• She was a redhead, which is a blonde with poor impulse control.

  • To Crystal, hair was the most important thing on earth. She would never get married because you couldn't wear curlers in bed then.

  • ... a man is much sexier in nothing than something, and that goes for hairpieces as well as clothes.

  • ... the very way Mrs. Arbuthnot parted her hair suggested a great calm that could only proceed from wisdom.

  • The most important thing a woman can have — next to talent, of course — is her hairdresser.

  • I've discovered over the years that if my hair is all right, then generally speaking, so am I.

  • Not now ... I'm having a no hair day.

  • Hair, in fact, is probably the bane of most women's lives.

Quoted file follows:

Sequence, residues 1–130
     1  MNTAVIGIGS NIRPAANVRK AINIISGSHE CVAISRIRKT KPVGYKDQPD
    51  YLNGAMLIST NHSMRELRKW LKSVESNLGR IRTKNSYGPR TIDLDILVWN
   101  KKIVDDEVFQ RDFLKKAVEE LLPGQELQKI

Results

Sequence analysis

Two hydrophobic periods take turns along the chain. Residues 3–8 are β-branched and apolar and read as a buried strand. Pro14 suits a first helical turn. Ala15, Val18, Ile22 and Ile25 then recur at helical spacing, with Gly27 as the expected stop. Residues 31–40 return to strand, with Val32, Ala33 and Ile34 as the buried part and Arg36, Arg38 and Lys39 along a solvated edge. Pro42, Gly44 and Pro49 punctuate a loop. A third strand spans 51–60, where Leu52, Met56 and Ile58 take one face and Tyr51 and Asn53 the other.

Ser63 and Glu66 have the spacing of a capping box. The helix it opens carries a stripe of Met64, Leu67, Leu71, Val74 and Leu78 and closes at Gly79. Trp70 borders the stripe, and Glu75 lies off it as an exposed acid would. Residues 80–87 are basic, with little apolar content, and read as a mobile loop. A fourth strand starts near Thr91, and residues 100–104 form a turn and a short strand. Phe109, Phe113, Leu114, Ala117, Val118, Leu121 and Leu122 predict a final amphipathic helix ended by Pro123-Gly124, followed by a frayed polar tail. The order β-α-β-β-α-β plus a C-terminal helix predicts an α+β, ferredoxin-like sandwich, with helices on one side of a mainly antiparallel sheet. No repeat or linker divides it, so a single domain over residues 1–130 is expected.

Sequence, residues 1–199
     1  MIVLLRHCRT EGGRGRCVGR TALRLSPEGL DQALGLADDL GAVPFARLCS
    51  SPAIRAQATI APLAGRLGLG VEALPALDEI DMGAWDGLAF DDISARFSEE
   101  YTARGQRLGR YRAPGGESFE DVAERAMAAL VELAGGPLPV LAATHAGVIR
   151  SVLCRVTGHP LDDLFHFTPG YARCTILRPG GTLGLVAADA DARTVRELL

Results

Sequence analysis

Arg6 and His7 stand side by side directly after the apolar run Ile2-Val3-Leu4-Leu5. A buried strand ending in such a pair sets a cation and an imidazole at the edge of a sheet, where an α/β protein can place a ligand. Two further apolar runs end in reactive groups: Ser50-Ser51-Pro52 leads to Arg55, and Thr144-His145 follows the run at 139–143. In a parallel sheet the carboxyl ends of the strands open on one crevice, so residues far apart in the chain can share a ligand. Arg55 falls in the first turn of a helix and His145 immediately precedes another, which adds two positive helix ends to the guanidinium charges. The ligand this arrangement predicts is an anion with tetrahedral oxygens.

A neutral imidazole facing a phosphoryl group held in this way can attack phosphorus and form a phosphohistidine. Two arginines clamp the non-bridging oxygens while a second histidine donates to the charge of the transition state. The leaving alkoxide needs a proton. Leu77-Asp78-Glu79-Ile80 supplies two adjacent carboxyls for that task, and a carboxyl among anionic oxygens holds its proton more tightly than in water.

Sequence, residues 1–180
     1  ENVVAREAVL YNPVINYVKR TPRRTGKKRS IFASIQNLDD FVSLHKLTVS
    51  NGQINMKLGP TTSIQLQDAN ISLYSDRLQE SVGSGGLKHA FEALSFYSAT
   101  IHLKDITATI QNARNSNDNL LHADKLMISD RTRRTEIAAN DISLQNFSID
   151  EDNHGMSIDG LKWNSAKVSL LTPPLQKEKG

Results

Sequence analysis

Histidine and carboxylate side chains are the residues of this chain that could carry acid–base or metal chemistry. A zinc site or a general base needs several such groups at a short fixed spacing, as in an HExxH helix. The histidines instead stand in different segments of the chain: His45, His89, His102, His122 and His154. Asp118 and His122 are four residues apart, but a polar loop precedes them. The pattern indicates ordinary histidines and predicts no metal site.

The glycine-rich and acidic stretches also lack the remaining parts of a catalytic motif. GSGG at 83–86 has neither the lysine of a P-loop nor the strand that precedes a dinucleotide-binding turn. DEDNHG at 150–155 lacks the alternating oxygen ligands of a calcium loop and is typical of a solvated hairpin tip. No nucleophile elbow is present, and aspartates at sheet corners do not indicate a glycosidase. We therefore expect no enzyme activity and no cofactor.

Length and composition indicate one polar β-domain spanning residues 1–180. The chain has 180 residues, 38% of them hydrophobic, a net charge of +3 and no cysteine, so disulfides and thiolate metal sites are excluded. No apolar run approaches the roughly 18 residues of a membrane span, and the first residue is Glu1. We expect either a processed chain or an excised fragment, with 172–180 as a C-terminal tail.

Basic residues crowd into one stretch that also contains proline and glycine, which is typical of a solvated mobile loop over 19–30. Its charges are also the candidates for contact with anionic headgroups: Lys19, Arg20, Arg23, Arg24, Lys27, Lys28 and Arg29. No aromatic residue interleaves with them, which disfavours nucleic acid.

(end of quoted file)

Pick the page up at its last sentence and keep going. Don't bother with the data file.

• She had hard gray hair pressed into waves that grasped her scalp like a migraine.

  • To me, a massive coif went hand in hand with wild, spontaneous trips down the Shore, and like every teenage girl within 50 miles, I also knew that it made your butt look smaller.

  • I grew up in New Jersey in the '80s. That means one thing: Big hair. ... I had big hair, my boyfriends had big hair, we all had big hair. Our prom looked like the poodle division of the Westminster dog show.

  • He saw a rather plump, middle-aged woman with a slab-like face, gooseberry-green eyes and dull brown hair done in a youthful style with a fronded fringe and hard tight little curls. Atop her long pale face, it looked foolish, like a wig on a horse.